Top three or best three?
BOSTON -- Ashley Wagner is the two-time reigning U.S. women's figure skating champion, but she heads into Saturday night's deciding long program in fourth place.
Now, only three women will make the Olympic team, but the selection guidelines allow U.S. Figure Skating to name a skater to the team even if she does not finish among the top three. So if Wagner doesn't improve her position, should she be named to the team anyway, at the expense of another athlete who performed better when it mattered most?
David Glynn, who coaches Polina Edmunds, the 15-year-old currently in second after a dazzling performance in Thursday's short program, says definitely not. The three Olympic spots, he maintains, should go to the top three skaters at the U.S. nationals, "the toughest competition of the year for these kids."
"I think U.S. Figure Skating would have a hard time not naming the top three skaters to the three spots on the Olympic team," Glynn said Friday. "I think it would be very difficult for them to face the media having made that decision, so I don't anticipate that being a problem."
Frank Carroll, who has coached everyone from Linda Fratianne to Michelle Kwan to Evan Lysacek, says that depending on the circumstances, he would not have a problem with a fourth-place skater being elevated in order to send "our best team to the Olympics."
Asked if he would feel differently if his skater, Gracie Gold, got bumped from the team under such circumstances, Carroll replied with a smile, "Well, my kid is sitting in first place."
"I don't think they're going to knock Gracie out. I don't think they'll knock the top two skaters out," he said, referring to Gold and Wagner's overall record. "They're sitting fifth and sixth in the world. Who do we have in the past three or four years who have been that high in the world? We need people who have reputations and are the best. Who do you think the best girls we have are?
"Polina was magnificent Thursday night, but when you look at that field, who do you think are the best girls?"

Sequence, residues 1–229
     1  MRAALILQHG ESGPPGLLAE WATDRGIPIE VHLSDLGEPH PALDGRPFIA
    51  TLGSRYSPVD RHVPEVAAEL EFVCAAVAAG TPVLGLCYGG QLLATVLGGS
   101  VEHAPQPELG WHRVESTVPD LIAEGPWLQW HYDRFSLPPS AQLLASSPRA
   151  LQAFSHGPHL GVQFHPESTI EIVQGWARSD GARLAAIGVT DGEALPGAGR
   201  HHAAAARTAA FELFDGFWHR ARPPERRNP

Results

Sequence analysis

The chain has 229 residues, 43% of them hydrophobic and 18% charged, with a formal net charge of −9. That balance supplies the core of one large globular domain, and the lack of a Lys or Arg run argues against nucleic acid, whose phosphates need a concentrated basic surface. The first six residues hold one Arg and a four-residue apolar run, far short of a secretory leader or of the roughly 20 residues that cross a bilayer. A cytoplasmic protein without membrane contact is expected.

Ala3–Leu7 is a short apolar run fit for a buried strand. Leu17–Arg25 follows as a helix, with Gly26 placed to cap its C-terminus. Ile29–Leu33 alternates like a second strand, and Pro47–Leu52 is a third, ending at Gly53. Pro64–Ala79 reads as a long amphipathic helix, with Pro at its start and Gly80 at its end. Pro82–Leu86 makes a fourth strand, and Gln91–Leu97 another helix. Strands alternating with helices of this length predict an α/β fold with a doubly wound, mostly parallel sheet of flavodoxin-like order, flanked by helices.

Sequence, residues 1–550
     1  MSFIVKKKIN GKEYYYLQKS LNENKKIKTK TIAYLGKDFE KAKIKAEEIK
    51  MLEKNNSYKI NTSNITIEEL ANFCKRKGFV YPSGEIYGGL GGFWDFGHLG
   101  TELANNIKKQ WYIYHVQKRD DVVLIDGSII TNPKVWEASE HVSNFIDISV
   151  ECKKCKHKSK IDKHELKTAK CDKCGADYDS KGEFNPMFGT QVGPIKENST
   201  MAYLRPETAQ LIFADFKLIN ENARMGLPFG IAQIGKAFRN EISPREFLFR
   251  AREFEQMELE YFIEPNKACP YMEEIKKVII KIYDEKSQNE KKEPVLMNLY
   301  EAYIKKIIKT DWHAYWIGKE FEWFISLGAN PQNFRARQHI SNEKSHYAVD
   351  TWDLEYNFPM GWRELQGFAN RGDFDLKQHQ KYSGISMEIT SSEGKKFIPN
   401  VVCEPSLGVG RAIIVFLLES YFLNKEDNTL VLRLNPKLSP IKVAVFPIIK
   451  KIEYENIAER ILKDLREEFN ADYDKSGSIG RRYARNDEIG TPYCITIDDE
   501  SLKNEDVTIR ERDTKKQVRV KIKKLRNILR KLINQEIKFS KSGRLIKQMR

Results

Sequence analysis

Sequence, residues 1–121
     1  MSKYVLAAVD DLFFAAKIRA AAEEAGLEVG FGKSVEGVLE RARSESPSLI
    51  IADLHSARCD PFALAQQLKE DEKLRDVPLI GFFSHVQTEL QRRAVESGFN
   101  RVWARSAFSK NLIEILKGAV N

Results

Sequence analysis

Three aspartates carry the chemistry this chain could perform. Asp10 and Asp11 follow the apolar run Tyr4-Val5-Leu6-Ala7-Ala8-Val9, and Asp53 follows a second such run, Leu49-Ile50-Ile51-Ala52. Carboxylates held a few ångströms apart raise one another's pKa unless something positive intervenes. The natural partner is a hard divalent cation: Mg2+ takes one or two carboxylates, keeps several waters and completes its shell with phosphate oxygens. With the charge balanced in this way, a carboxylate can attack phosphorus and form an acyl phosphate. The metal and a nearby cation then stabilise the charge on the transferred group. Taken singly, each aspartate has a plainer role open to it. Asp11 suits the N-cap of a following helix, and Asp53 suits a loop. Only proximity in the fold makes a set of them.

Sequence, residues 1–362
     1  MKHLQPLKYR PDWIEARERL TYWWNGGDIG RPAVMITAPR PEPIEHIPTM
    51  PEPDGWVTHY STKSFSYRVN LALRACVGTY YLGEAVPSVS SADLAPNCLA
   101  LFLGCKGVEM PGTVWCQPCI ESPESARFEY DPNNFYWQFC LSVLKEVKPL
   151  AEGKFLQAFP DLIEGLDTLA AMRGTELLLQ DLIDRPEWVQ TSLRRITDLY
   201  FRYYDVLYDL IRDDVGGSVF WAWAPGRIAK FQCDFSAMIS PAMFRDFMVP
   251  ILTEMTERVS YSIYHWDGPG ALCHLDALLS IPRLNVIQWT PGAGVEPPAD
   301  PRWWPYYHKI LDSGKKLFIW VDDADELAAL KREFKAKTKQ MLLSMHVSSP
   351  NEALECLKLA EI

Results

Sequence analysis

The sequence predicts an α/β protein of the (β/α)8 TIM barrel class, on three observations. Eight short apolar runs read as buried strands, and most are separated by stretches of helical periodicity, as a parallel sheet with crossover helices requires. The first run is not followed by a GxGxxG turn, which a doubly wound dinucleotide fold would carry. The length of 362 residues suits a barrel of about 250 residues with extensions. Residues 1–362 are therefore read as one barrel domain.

Wagner and Gold have the track record, finishing first and second last year at nationals and fifth and sixth at worlds, respectively. Mirai Nagasu, currently in third, has Olympic experience, finishing fourth at the 2010 Games in Vancouver. Then there is Edmunds. Carroll declared her the future of American skating, but she has no international experience outside of junior competition.
Glynn said that doesn't matter, that Edmunds has competed well in international junior competition and she has what it takes to be an Olympian. "She's 2014's version of Tara Lipinski as far as being tough."
Wagner, meanwhile, sees both sides of the question.
"I think the rules are there for a good reason," Wagner said. "You could be the best skater all season and those could just not be your two nights [at nationals] and that should not define whether or not you have the potential to be an Olympian.
"But at the same time, I am here to get on the podium. I'm here to really earn that spot. I don't want to ever feel like I took away the spot from someone else."
Another thing to consider is that Wagner and Gold have already sort of earned a spot on the Olympic team because their performance at last year's world championships guaranteed the U.S. team a third berth in Sochi.
Wagner said she's not thinking about that, though. "I will earn my spot when I get on that podium Saturday night, hopefully."